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Old 01-07-2009, 05:14 PM   #21
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Doesn't the replication and growth phase also include adaptation to the new environment? If that is true, then proper oxygenation allows for yeast to not only replicate, but also become better adapted to your wort.

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Old 01-07-2009, 06:26 PM   #22
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I use a paint stirrer attached to a power drill.



There's almost 5 gallons in there, though it doesn't look like it from the foam.

I run it in reverse and turn the stirrer on it's side so a little bit is sticking out of the top of the wort. Seems to work just fine for me.

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Old 01-08-2009, 12:04 AM   #23
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Originally Posted by Hugh_Jass View Post
I've been pouring the wort from brew pot to fermenting pail several times. Is this incorrect?
This works for me. I generally pitch the yeast in one bucket and pour the wort back and forth a few times. Plenty of foam means plenty of O2.

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Old 01-08-2009, 12:29 AM   #24
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Quote:
Originally Posted by chefchris View Post
I use a paint stirrer attached to a power drill.



There's almost 5 gallons in there, though it doesn't look like it from the foam.

I run it in reverse and turn the stirrer on it's side so a little bit is sticking out of the top of the wort. Seems to work just fine for me.

seems like this creates a big risk of scratching up your fermentor?
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Old 01-08-2009, 01:42 AM   #25
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If doing a partial boil, I will put the pre-boiled topping off water in sanitized containers half way, and shake awhile, then pour into fermentor. On top of that, I let the cooled wort splish-splash into the water.

Pitch yeast, stir-in and shake for a min or so.

Happy yeast

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Old 01-08-2009, 01:46 AM   #26
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seems like this creates a big risk of scratching up your fermentor?
As long as you're strong enough to hang on to it, you shouldn't have any problems. It's not an auger.
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Old 01-08-2009, 02:20 AM   #27
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Isn't pouring from the brewpot to the fermentor aerate well enough? Or perhaps we are talking about some other means of getting the wort from the brewpot to the fermentor?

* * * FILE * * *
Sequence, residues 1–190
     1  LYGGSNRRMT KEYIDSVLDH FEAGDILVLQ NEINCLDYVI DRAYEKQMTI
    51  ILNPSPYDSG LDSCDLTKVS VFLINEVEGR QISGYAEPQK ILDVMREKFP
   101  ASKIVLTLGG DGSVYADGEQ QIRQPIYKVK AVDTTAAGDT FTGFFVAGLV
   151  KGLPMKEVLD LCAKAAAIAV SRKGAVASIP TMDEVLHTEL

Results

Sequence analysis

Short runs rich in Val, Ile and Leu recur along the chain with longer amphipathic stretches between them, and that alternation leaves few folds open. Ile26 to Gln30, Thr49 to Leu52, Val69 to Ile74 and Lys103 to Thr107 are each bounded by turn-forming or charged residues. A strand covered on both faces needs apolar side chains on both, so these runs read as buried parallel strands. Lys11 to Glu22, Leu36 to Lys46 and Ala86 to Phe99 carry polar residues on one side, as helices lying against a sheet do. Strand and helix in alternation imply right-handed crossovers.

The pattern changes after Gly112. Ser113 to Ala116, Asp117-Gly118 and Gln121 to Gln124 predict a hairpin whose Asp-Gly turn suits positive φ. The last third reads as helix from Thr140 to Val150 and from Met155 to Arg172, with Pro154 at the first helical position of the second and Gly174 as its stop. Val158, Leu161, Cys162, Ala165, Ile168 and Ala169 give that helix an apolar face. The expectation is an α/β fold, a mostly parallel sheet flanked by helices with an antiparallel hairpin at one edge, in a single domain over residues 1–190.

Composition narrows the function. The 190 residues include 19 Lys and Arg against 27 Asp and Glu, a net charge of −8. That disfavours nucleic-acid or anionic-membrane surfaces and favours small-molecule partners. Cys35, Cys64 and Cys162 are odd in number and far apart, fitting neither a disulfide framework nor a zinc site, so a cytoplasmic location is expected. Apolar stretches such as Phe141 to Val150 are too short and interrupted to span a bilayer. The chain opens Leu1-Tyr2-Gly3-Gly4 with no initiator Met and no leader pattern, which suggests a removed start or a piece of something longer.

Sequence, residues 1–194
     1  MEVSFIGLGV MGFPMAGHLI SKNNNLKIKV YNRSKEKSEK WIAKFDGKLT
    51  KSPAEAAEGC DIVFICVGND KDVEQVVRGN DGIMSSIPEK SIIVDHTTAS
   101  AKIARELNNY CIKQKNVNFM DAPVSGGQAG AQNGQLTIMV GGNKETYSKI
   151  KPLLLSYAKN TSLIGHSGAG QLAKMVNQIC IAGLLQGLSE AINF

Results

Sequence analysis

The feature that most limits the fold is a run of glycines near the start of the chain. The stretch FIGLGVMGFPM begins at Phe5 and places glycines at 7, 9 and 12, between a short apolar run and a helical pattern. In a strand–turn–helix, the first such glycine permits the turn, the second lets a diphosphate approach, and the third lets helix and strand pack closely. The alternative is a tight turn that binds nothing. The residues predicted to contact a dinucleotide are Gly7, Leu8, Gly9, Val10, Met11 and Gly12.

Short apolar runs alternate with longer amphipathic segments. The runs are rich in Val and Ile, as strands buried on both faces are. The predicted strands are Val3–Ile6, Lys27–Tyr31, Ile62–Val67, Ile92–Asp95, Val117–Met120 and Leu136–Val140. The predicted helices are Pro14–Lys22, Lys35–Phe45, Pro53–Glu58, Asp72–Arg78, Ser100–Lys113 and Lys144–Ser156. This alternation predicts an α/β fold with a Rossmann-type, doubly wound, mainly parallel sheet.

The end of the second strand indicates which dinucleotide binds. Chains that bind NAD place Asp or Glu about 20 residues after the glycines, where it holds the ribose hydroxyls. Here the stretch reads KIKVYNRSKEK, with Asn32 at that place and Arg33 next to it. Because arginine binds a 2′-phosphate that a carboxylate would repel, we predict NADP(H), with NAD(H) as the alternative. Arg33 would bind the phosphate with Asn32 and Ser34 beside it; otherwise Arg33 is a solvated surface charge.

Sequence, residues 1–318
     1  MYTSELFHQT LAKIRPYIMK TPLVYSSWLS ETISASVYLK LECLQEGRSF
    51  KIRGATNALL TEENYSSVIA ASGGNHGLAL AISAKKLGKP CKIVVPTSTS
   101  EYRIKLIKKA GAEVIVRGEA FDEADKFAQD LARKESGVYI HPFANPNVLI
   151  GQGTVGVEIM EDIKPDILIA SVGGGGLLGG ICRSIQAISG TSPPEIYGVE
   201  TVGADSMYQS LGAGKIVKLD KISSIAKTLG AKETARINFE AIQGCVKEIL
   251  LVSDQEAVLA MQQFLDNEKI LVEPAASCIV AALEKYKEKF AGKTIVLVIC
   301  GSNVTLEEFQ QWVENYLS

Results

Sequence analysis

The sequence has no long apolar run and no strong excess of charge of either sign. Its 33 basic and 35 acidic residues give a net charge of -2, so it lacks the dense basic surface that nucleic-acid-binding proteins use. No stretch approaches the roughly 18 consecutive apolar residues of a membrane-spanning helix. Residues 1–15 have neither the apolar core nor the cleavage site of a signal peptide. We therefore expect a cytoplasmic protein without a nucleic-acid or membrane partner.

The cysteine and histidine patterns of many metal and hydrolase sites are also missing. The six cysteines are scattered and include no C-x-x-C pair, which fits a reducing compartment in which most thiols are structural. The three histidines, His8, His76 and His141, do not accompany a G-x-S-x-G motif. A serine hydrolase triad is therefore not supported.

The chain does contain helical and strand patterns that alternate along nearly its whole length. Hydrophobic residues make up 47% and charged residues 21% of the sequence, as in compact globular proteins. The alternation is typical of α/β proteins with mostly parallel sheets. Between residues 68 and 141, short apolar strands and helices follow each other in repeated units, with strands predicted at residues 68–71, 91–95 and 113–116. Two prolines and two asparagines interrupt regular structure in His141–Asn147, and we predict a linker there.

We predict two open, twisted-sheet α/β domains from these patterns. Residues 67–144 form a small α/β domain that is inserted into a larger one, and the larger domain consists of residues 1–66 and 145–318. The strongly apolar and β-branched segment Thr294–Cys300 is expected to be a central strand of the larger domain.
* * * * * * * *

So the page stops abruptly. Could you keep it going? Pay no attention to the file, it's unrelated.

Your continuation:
thats what i did worked fine for my situation
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Old 01-08-2009, 06:44 AM   #28
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Parting thought from a science point of view --- seem to recall doing several labs in college measuring dissolved oxygen in water --- at high temperatures a liquids ability to absorb and hold oxygen is reduced quite a bit. So if you're going to do any shaking or sloshing its best to do it after its cooled to near room temps. Just a thought

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Old 01-08-2009, 07:07 AM   #29
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I just hold up the kettle at shoulder height and violently dump it into the fermenter, then put on the lid (with a plug in the airlock hole). I sit down, lay it sideways on my thigh and rock it back and forth for about 5-7 minutes at about 1 cycle per second.

I am only making 5 gallon partial mash batches, but this method has not failed me for that purpose. I always get raging fermentation with 18 hours.

I suppose I will do the pure oxygen thing if and when I do larger boils or really big beers, but this seems to work fine for everything I've done so far, including a couple stouts.

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Old 01-08-2009, 01:32 PM   #30
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Quote:
Originally Posted by alpo View Post
I just hold up the kettle at shoulder height and violently dump it into the fermenter, then put on the lid (with a plug in the airlock hole). I sit down, lay it sideways on my thigh and rock it back and forth for about 5-7 minutes at about 1 cycle per second.

I am only making 5 gallon partial mash batches, but this method has not failed me for that purpose. I always get raging fermentation with 18 hours.

I suppose I will do the pure oxygen thing if and when I do larger boils or really big beers, but this seems to work fine for everything I've done so far, including a couple stouts.
I agree, that seems like a good way to aerate to me. Also if you are using a start with liquid yeast it will help with the lag times.
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